This example shows you how to deploy Sobel edge detection that uses Raspberry Pi Camera Module V2 and display on the NVIDIA Jetson Nano Hardware using the GPU Coder™ Support Package for NVIDIA® GPUs. In the example Sobel Edge Detection on NVIDIA Jetson Nano using Raspberry Pi Camera Module V2, we have seen accessing the Raspberry Pi Camera Module V2 on NVIDIA Jetson Nano hardware using the GPU Coder Support Package for NVIDIA GPUs. In the current example, we will generate code for accessing I/O (camera and display) to deploy on the NVIDIA Jetson Nano hardware. We will consider the same Sobel edge algorithm for showing this capability.
Target Board Requirements
NVIDIA Jetson Nano embedded platform.
Raspberry Pi Camera Module V2 connected to the CSI host port of the target.
Ethernet crossover cable to connect the target board and host PC (if the target board cannot be connected to a local network).
V4L2 and SDL (v1.2) libraries on the target.
GStreamer libraries on the target.
Environment variables on the target for the compilers and libraries. For information on the supported versions of the compilers and libraries and their setup, see installing and setting up prerequisites for NVIDIA boards.
A monitor connected to the display port of the target.
Development Host Requirements
GPU Coder™ for code generation. For an overview and tutorials, visit the GPU Coder product page.
GPU Coder Support Package for NVIDIA GPUs. If you are new to this support package, we recommend completing the Getting Started with GPU Coder Support Package for NVIDIA GPUs example.
NVIDIA CUDA toolkit on the host.
Environment variables on the host for the compilers and libraries. For information on the supported versions of the compilers and libraries, see Third-party Products. For setting up the environment variables, see Environment Variables.
The GPU Coder Support Package for NVIDIA GPUs uses an SSH connection over TCP/IP to execute commands while building and running the generated CUDA code on the Jetson platform. You must therefore connect the target platform to the same network as the host computer or use an Ethernet crossover cable to connect the board directly to the host computer. Refer to the NVIDIA documentation on how to set up and configure your board.
To communicate with the NVIDIA Jetson Nano, you must create a live hardware connection object by using the jetson function. You must know the host name or IP address, username, and password of the target board to create a live hardware connection object. For example,
hwobj = jetson('jetson-nano-name','ubuntu','ubuntu');
Use the coder.checkGpuInstall function and verify that the compilers and libraries needed for running this example are set up correctly.
envCfg = coder.gpuEnvConfig('jetson'); envCfg.BasicCodegen = 1; envCfg.Quiet = 1; envCfg.HardwareObject = hwobj; coder.checkGpuInstall(envCfg);
Include the camera and display interfaces inside the Sobel edge detection application
hwobj = jetson; camObj = camera(hwobj,"vi-output, imx219 6-0010",[640 480]); dispObj = imageDisplay(hwobj);
The following line of code creates a folder in your current working directory (host), and copies all the relevant files into this folder.if you cannot generate files in this folder, change your current working directory before running this command.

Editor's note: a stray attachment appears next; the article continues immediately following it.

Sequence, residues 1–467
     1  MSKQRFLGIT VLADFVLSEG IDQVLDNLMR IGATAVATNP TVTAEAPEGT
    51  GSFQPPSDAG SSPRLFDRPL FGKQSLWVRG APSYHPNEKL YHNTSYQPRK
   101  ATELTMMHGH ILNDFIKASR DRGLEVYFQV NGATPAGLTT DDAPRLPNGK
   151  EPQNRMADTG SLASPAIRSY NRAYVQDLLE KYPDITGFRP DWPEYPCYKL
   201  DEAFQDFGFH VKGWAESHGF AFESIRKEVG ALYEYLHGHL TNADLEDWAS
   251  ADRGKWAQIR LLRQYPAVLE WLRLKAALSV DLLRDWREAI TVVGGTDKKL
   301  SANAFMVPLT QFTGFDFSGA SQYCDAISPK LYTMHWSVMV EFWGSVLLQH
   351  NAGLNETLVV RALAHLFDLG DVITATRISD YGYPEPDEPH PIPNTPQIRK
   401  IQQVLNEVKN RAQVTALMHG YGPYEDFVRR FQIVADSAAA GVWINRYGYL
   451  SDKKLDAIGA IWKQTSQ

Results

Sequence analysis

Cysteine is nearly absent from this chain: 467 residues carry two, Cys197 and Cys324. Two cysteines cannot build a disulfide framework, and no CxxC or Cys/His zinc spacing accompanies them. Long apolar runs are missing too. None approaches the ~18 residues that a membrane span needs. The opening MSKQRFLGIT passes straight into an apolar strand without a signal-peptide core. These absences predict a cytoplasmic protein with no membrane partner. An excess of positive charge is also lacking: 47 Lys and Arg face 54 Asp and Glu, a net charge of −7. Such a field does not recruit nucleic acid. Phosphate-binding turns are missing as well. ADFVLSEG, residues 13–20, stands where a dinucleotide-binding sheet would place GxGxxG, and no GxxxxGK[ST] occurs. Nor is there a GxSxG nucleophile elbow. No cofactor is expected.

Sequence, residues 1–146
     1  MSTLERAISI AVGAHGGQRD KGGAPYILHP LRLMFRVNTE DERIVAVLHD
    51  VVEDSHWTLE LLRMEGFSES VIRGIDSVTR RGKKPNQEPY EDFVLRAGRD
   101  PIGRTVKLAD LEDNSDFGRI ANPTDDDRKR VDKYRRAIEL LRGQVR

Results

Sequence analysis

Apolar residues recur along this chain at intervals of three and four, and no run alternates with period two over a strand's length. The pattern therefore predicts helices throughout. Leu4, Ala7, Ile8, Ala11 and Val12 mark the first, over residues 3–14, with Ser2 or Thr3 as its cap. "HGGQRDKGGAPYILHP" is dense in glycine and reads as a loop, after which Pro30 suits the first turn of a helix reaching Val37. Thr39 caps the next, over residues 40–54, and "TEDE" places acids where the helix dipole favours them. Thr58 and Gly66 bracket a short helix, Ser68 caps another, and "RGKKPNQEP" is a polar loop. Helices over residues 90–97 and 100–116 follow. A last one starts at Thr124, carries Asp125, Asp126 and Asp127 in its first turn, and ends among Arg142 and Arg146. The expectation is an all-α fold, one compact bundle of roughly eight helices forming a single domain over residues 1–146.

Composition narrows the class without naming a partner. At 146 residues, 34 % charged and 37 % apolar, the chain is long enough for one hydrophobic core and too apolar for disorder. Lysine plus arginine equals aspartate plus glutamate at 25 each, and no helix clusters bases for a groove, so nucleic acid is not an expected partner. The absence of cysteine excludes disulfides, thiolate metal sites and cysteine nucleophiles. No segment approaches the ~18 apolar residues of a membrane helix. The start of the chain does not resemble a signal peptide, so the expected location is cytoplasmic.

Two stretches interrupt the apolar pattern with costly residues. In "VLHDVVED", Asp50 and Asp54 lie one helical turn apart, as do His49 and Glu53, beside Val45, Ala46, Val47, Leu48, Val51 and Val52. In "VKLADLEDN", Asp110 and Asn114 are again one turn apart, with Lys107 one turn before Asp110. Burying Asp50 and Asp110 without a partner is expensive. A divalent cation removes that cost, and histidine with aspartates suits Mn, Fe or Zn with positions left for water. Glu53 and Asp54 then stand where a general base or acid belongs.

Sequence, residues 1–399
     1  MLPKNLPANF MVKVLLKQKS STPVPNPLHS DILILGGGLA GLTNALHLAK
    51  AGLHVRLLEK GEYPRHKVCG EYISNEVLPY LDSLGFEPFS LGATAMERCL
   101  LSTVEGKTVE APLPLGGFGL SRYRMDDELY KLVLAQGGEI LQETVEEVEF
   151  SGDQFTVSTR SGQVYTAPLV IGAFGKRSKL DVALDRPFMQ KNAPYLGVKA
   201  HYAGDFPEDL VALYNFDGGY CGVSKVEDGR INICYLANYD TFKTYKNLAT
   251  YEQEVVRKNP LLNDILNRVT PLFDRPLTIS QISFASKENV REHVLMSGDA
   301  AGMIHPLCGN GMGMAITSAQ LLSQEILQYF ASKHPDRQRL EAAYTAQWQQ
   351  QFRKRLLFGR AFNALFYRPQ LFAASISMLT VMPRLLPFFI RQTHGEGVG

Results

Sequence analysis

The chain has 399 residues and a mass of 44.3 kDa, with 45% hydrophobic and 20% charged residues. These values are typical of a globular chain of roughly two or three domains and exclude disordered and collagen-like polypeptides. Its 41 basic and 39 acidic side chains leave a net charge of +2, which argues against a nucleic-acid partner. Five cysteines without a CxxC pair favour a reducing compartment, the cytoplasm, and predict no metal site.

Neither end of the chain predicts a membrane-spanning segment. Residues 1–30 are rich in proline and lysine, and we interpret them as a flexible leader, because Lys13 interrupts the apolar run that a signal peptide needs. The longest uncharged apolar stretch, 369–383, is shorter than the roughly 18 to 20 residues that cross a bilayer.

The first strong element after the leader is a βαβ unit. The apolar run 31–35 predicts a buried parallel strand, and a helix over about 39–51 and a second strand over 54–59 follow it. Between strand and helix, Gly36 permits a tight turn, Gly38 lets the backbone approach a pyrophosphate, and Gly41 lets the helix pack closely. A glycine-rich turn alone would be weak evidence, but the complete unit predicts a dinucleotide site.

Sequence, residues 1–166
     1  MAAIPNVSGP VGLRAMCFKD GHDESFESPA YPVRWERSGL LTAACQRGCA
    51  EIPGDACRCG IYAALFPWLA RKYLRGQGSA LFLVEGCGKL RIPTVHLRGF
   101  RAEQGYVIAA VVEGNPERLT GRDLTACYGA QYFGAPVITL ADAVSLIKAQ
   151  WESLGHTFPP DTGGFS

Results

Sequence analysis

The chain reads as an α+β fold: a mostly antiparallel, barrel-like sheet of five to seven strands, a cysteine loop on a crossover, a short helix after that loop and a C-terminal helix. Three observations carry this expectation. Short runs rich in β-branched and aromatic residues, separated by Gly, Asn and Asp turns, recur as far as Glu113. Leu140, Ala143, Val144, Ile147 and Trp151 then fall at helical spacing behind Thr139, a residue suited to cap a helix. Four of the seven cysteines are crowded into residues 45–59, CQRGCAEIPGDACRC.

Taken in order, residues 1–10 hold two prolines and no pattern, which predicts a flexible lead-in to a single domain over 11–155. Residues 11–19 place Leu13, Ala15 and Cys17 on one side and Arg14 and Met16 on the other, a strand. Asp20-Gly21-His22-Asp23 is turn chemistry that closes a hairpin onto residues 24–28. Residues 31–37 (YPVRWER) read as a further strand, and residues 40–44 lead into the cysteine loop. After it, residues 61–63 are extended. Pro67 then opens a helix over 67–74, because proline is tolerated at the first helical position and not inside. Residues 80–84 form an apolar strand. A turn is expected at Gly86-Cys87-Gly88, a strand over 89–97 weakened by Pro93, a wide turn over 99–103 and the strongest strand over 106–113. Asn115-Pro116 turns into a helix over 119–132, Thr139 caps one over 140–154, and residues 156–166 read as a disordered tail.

Sobel Edge MATLAB Application for Code Generation
function sobelEdgeDetection() %#codegen % Copyright 2020 The MathWorks, Inc. hwobj = jetson; camObj = camera(hwobj,"vi-output, imx219 6-0010",[640 480]); dispObj = imageDisplay(hwobj); % Sobel kernel kern = [1 2 1; 0 0 0; -1 -2 -1]; % Main loop for k = 1:1000 % Capture the image from the camera on hardware. img = snapshot(camObj); % Finding horizontal and vertical gradients. h = conv2(img(:,:,2),kern,'same'); v = conv2(img(:,:,2),kern','same'); % Finding magnitude of the gradients. e = sqrt(h.*h + v.*v); % Threshold the edges edgeImg = uint8((e > 100) * 240); % Display image. image(dispObj,edgeImg); end end
To generate a CUDA executable that can be deployed on to a NVIDIA target, create a GPU code configuration object for generating an executable.
cfg = coder.gpuConfig('exe');
Use the coder.hardware function to create a configuration object for the Jetson platform and assign it to the
Hardware property of the code configuration object
cfg.Hardware = coder.hardware('NVIDIA Jetson');
BuildDir property to specify the directory for performing remote build process on the target. If the specified build directory does not exist on the target then the software creates a directory with the given name. If no value is assigned to
cfg.Hardware.BuildDir, the remote build process happens in the last specified build directory. If there is no stored build directory value, the build process takes place in the home directory.
cfg.Hardware.BuildDir = '~/remoteBuildDir';
Set the GenerateExampleMain property to generate an example C++ main function and compile it. This example does not require modifications to the generated main files.
cfg.GenerateExampleMain = 'GenerateCodeAndCompile';
To generate CUDA code, use the codegen function and pass the GPU code configuration along with
sobelEdgeDetection entry-point function. After the code generation takes place on the host, the generated files are copied over and built on the target.
To run the generated executable on the target, use the MATLAB®
Set the appropriate display environment.
Run the application on target.
pid = runApplication(hwobj,'sobelEdgeDetection');
A window opens on the target hardware display showing the Sobel edge detection output of the live camera feed.
Remove the files and return to the original folder.
This example introduced an application where Sobel edge detection application is running on the NVIDIA Jetson Nano on the live camera feed and displaying the output on the native display.